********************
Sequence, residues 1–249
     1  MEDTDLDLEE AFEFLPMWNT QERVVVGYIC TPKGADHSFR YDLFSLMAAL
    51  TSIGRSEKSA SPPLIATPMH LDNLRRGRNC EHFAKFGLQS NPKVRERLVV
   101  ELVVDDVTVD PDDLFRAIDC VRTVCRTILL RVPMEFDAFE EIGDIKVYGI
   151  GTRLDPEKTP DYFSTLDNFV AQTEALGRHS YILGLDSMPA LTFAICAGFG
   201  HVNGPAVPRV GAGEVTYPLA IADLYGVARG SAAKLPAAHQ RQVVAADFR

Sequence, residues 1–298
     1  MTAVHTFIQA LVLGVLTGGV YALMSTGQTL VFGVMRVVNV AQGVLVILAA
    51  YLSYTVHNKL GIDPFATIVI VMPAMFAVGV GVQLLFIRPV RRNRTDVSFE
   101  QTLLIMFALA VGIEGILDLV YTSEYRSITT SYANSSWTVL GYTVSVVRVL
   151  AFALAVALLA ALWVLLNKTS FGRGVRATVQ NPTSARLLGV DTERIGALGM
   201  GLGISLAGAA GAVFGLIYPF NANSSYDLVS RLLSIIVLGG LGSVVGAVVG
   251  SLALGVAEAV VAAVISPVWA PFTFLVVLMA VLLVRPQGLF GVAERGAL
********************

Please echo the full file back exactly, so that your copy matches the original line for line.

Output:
Sequence, residues 1–249
     1  MEDTDLDLEE AFEFLPMWNT QERVVVGYIC TPKGADHSFR YDLFSLMAAL
    51  TSIGRSEKSA SPPLIATPMH LDNLRRGRNC EHFAKFGLQS NPKVRERLVV
   101  ELVVDDVTVD PDDLFRAIDC VRTVCRTILL RVPMEFDAFE EIGDIKVYGI
   151  GTRLDPEKTP DYFSTLDNFV AQTEALGRHS YILGLDSMPA LTFAICAGFG
   201  HVNGPAVPRV GAGEVTYPLA IADLYGVARG SAAKLPAAHQ RQVVAADFR

Sequence, residues 1–298
     1  MTAVHTFIQA LVLGVLTGGV YALMSTGQTL VFGVMRVVNV AQGVLVILAA
    51  YLSYTVHNKL GIDPFATIVI VMPAMFAVGV GVQLLFIRPV RRNRTDVSFE
   101  QTLLIMFALA VGIEGILDLV YTSEYRSITT SYANSSWTVL GYTVSVVRVL
   151  AFALAVALLA ALWVLLNKTS FGRGVRATVQ NPTSARLLGV DTERIGALGM
   201  GLGISLAGAA GAVFGLIYPF NANSSYDLVS RLLSIIVLGG LGSVVGAVVG
   251  SLALGVAEAV VAAVISPVWA PFTFLVVLMA VLLVRPQGLF GVAERGAL